War of the Rebellion: Serial 090 Page 0735 Chapter LV. CORRESPONDENCE, ETC.-UNION.

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Will you please issue the necessary orders at once. Will you also direct that cars for the transportation of my command to Hancock be furnished at once. I thank you for your congratulation.

WM. W. AVERELL,

Brigadier-General.

CUMBERLAND, August 8, 1864.

Brigadier-General AVERELL,

New Creek:

I will have cars sent you as soon as possible. It will be impossible to relieve the Eighth Ohio until General Hunter can give me some troops to take their place.

B. F. KELLEY,

Brigadier-General.

NEW CREEK, August 8, 1864.

Brigadier-General KELLEY:

Please order cars for the prisoners. There are thirty-eight officers among them. What shall be done with the guns? McCausland received orders at 2 o'clock yesterday morning to march to Winchester.

WM. W. AVERELL,

Brigadier-General.

CUMBERLAND, August 78, 1864.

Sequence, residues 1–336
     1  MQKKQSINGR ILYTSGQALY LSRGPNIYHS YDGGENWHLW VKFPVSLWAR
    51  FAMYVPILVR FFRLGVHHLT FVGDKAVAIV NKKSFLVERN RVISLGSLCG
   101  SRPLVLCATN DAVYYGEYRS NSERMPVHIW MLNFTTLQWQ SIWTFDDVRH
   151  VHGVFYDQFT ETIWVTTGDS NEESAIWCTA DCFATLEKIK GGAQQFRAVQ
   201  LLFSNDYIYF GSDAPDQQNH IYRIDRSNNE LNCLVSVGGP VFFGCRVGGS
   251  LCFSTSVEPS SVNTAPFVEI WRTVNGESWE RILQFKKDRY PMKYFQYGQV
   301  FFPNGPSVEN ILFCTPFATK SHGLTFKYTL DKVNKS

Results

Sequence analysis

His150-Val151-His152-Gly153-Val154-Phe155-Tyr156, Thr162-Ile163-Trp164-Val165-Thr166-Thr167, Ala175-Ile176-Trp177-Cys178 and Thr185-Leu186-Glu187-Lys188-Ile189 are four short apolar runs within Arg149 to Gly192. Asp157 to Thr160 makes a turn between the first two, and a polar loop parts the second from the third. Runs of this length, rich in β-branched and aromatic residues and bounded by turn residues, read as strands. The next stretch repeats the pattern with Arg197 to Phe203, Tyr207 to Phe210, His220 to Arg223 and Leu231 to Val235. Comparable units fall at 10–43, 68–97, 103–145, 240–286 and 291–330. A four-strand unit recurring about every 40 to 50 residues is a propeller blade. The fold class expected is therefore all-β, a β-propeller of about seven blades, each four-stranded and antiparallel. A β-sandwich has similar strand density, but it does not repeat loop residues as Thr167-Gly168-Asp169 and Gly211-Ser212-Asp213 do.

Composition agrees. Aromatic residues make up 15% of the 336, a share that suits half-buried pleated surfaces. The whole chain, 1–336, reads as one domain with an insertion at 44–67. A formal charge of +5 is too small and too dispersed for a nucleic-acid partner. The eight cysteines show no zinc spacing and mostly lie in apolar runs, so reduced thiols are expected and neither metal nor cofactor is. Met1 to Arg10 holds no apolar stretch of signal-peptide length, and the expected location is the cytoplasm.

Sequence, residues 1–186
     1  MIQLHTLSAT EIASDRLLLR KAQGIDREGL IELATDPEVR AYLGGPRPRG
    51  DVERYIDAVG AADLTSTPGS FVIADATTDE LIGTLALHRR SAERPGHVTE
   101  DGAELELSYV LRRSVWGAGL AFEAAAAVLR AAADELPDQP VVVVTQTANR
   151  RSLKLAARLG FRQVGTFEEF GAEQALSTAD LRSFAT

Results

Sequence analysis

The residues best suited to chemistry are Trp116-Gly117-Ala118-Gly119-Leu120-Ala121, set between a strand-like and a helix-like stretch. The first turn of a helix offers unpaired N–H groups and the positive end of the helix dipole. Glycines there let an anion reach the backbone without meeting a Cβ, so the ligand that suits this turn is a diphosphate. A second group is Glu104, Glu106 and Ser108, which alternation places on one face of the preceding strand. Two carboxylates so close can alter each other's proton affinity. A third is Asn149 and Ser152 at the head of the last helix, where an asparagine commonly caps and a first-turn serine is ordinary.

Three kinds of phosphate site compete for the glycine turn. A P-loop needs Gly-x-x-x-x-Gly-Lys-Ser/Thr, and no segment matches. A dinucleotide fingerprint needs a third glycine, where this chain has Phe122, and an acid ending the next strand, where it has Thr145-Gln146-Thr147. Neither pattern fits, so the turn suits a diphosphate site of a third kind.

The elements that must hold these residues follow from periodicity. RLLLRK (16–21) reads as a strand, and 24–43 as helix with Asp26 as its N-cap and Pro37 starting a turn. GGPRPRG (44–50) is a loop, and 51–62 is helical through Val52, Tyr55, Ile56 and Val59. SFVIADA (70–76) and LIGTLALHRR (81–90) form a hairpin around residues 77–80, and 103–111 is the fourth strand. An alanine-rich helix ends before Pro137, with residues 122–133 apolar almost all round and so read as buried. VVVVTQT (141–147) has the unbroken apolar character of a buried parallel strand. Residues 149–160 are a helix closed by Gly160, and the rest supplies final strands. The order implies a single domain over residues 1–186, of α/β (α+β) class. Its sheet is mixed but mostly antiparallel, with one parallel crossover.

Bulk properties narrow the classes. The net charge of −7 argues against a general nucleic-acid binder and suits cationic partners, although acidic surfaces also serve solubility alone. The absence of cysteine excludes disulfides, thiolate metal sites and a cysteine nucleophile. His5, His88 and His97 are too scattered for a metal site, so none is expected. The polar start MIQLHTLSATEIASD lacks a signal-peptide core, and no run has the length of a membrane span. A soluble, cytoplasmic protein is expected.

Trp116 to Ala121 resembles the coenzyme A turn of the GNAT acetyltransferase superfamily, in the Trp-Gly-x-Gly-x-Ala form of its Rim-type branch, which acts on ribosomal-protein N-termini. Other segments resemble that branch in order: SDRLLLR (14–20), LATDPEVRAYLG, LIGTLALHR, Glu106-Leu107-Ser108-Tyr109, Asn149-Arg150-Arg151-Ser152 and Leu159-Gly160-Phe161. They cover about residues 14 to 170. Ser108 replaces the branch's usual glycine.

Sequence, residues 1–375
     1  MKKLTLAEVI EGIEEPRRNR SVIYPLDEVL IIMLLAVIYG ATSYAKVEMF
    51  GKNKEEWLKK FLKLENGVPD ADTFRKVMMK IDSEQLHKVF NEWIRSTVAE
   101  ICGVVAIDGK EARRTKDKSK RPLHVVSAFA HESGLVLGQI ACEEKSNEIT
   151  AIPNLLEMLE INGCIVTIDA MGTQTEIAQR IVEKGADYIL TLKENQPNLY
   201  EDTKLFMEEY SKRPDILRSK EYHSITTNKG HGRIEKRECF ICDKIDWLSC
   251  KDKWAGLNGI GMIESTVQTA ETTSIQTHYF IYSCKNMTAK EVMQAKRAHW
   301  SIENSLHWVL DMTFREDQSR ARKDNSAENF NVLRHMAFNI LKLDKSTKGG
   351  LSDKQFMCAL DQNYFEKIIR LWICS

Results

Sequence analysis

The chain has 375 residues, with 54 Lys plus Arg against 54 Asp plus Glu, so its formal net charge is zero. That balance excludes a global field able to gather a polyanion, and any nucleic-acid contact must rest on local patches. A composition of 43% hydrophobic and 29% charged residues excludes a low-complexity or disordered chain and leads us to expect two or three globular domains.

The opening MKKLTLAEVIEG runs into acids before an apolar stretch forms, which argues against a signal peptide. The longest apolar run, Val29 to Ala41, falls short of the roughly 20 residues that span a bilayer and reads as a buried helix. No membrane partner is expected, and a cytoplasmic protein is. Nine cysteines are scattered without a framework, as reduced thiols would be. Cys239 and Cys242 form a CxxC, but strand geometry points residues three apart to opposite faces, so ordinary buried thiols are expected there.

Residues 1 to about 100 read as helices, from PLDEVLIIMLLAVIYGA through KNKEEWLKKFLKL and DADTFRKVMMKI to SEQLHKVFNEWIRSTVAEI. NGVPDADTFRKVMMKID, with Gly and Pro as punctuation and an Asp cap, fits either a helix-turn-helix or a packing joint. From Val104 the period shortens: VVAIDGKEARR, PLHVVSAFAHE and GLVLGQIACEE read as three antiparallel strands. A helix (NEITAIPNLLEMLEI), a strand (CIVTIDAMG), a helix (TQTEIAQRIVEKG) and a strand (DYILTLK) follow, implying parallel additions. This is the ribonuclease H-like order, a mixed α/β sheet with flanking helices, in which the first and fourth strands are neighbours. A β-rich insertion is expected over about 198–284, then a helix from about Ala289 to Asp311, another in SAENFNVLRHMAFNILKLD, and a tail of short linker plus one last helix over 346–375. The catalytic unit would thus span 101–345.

Brigadier-General AVERELL,

New Creek:

Cars will be at New Creek to-morrow morning at 8 o'clock for your prisoners. Colonel Stevenson will furnish a guard to take them to Wheeling if you wish it. You will received an order this evening from General Sheridan which I very much regret I do not understand. General Hunter has not advised me in regard to it. The guns you may send here. I will send Captain Harrison, assistant quartermaster, to New Creek to-morrow to provide for your wants.

B. F. KELLEY,

Brigadier-General.

GENERAL ORDERS,

HDQRS. SECOND BRIGADIER, SECOND CAV. DIV., No. ---.

New Creek, W. Va., August 8, 1864.

The colonel commanding congratulates the officers and men of the brigade upon the part borne by them in the brilliant success achieved by them through the united efforts of the officers and men of the division on the morning of the 7th instant at Moorefield, W. Va., over an enemy twice our number, and with every advantage in his favor. The conduct of the command was all that could have been desired. You did your duty as good and faithful soldiers, and your effort were not in vain. The result was glorious-the honor of which is, as the labor was, equally shared between you and your sister brigade and division commander. But in the midst of our exultation over our victory we were called upon to mourn the loss of our brave and gallant comrade in arms, Major S. B. Conger, Third West Virginia Cavalry, who fell while leading his regiment against the enemy. In his death the regiment lost an able, brave, intelligent, and energetic officer, and one who ever